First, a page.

When IBM’s Deep Blue computer beat chess world champion Garry Kasparov back in 1997, my reaction was pretty dispassionate: As someone who’s played only a few games of chess in my life, I simply didn’t have a deep understanding of the game or an emotional attachment to it. But when the news came out over the weekend that IBM is programming a supercomputer to play Jeopardy–well, that’s a breakthrough I can relate to. I haven’t watched the venerable game show much in years, but back in the 1980s, I planned my college courses around it to make sure I was home in time to watch (this was before I had a VCR). I get the game’s subtleties–it’s not just about having an encyclopedic knowledge of both serious stuff and pop culture, but also about being able to unpack the meaning of those questions-phrased-as-answers in a split second. And given that countless very smart people have gone on the show and fallen flat on their faces, I’ll be impressed if IBM’s computer manages an unembarrassing third-place finish. But I don’t have any difficulty dealing with the idea that a computer might someday beat any flesh-and-blood Jeopardy player on the planet.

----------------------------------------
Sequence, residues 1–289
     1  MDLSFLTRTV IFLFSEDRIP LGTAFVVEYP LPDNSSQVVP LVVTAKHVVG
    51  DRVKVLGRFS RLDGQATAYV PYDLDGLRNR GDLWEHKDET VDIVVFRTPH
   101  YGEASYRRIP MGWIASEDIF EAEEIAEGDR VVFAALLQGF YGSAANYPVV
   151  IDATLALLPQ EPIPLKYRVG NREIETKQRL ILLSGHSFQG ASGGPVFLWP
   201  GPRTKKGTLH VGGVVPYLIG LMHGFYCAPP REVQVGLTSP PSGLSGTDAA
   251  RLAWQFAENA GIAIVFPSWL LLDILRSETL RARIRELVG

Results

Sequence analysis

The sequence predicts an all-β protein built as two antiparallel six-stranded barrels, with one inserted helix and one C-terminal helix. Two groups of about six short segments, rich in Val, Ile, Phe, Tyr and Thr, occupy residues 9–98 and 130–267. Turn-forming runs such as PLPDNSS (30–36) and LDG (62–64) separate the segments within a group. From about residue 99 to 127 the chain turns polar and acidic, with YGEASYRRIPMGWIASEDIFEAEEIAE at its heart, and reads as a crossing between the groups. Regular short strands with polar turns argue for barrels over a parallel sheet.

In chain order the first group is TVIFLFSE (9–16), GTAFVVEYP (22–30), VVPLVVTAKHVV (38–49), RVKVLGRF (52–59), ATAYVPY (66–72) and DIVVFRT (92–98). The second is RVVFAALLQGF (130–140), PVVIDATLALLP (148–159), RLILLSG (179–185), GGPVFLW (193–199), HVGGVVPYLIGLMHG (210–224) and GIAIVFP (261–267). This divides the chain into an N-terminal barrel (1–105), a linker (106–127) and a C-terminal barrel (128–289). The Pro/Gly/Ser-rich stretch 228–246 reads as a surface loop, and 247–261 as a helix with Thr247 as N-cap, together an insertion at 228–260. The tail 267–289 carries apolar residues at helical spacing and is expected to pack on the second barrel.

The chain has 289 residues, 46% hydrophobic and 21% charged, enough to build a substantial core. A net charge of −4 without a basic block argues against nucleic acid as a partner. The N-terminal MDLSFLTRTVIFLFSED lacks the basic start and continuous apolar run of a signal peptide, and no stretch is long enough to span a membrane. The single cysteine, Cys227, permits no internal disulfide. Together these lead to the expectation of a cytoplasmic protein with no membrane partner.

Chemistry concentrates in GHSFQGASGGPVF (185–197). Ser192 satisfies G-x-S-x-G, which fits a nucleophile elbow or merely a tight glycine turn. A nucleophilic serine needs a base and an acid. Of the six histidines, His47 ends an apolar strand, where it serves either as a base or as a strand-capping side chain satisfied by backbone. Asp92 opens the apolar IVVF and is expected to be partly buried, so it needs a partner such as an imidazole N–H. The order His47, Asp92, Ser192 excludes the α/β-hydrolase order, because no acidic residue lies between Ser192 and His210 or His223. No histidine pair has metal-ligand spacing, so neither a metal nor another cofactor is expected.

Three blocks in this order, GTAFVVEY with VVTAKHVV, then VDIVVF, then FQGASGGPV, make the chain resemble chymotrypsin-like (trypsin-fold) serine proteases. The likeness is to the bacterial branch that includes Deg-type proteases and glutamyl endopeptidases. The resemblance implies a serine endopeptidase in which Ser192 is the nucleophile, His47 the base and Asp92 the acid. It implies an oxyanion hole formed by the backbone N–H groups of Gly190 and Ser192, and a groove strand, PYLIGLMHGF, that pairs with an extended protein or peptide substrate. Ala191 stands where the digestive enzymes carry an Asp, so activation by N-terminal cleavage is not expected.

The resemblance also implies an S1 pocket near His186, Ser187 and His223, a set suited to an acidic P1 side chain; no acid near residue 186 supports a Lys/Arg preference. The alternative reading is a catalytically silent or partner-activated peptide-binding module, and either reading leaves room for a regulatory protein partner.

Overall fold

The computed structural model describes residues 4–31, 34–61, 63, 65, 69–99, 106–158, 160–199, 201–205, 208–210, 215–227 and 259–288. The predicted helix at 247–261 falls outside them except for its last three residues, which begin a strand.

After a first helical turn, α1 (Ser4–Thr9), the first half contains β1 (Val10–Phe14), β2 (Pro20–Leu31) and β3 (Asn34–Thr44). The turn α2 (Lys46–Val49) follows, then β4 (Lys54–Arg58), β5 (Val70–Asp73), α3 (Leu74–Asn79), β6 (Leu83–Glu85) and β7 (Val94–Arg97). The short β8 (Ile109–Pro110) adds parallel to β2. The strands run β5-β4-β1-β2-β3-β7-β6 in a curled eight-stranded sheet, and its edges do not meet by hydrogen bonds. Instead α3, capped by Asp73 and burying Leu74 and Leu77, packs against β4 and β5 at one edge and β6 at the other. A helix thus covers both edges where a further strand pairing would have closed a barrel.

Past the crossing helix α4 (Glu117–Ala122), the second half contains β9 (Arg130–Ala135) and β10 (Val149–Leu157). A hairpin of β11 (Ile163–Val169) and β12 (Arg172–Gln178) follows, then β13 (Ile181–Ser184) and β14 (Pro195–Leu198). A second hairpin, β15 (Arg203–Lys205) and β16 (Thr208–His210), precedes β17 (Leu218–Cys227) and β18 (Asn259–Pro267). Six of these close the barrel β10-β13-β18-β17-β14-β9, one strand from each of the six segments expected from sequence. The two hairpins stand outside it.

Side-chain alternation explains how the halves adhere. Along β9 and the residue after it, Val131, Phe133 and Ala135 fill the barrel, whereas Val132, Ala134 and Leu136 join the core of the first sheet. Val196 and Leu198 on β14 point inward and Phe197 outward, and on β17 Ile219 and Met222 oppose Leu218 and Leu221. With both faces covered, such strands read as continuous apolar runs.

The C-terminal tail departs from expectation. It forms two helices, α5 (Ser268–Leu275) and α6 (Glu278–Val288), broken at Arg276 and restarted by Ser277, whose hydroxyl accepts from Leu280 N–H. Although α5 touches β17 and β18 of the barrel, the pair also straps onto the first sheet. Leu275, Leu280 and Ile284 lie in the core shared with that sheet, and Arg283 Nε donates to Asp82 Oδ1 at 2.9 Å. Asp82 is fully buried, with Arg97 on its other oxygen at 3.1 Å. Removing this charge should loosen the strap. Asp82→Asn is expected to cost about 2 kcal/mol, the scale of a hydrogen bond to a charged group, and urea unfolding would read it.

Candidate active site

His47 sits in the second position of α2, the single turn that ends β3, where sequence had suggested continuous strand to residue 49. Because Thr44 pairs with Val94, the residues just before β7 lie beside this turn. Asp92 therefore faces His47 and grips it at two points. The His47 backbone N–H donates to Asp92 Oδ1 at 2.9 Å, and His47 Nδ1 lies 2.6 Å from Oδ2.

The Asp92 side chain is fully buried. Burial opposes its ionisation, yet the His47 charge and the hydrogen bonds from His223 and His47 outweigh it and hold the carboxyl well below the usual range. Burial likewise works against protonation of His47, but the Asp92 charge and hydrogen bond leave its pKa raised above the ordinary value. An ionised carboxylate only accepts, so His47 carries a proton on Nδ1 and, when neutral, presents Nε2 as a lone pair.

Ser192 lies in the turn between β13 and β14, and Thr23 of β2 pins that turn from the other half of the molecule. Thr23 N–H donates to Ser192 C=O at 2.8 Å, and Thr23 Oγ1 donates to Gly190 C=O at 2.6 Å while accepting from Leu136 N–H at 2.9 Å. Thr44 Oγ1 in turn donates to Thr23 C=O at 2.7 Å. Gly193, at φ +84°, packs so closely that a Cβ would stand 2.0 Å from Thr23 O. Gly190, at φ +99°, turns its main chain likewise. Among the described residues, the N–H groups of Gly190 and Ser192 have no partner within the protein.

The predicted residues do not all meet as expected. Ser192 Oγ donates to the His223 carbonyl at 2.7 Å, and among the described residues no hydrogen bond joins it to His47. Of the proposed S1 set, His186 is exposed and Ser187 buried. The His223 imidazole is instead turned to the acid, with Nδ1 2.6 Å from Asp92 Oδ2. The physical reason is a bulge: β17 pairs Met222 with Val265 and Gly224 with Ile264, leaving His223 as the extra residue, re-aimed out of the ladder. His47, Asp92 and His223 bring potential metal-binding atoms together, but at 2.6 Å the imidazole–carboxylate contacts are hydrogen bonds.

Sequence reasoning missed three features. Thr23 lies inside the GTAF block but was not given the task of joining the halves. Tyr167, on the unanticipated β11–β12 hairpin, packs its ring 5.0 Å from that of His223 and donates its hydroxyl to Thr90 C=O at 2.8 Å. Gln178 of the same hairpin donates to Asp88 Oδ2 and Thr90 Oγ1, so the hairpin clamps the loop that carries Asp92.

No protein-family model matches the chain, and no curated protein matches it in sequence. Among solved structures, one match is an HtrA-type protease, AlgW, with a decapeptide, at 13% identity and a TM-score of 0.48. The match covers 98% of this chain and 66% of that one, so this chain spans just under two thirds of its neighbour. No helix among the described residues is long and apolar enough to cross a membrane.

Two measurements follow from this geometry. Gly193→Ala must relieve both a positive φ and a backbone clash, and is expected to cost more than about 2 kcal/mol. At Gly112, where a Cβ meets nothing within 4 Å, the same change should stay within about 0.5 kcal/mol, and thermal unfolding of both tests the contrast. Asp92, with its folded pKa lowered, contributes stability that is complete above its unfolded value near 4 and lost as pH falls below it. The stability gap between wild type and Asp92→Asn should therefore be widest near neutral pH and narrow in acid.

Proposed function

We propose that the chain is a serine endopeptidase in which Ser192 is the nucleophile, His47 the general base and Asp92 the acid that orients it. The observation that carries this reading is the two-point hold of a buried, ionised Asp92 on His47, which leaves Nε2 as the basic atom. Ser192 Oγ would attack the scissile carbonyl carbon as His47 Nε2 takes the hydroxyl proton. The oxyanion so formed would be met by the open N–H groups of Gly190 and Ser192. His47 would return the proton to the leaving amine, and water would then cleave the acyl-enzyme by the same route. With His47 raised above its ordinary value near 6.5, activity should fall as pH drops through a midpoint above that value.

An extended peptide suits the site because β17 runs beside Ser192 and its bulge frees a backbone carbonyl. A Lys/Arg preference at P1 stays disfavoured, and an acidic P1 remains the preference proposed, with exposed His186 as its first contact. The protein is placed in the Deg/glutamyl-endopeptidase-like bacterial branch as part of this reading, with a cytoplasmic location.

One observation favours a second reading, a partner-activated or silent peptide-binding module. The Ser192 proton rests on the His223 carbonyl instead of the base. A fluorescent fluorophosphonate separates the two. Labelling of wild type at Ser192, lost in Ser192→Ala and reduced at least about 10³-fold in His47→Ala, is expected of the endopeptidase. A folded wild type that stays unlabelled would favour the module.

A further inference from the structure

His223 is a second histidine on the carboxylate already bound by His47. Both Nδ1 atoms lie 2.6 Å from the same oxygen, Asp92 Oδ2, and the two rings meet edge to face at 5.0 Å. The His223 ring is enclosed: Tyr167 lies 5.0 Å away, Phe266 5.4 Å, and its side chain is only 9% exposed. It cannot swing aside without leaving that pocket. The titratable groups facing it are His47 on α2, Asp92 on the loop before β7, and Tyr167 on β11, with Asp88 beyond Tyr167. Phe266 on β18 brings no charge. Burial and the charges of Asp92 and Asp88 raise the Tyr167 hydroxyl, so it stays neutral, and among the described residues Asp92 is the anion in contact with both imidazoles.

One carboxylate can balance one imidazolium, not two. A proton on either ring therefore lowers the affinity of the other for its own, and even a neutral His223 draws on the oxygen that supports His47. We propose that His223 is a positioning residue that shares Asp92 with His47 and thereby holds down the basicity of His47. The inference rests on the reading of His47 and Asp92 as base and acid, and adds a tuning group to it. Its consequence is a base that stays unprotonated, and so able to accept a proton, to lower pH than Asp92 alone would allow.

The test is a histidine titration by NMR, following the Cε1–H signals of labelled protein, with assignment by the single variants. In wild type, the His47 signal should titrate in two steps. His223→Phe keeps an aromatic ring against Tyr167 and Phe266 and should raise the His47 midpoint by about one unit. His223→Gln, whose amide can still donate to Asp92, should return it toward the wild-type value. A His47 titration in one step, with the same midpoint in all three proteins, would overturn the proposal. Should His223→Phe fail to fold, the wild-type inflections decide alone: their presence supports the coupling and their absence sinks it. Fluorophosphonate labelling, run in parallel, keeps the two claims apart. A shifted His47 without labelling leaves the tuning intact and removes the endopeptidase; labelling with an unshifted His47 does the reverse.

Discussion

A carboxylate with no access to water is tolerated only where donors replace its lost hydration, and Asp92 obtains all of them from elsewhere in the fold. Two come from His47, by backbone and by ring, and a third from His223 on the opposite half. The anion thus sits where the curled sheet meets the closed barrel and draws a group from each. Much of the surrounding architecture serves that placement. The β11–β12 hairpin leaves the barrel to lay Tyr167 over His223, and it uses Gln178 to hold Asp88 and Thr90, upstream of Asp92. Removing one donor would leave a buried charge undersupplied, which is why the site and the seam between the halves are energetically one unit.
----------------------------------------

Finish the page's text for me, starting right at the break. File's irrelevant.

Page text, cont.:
Thinking about the prospect of a computer taking on Alex Trebek, metaphorical buzzer in hand, led me to the conclusion that game shows in general aren’t a bad Turing Test-like gauge of artificial intelligence. They require knowledge–okay, only a little of it in many cases, but some. They’ve got a social component, by definition. They involve thinking on one’s feet, or the simulation thereof.
So how might a really well-programmed supercomputer fare at other famous game shows of the present and (mostly) past?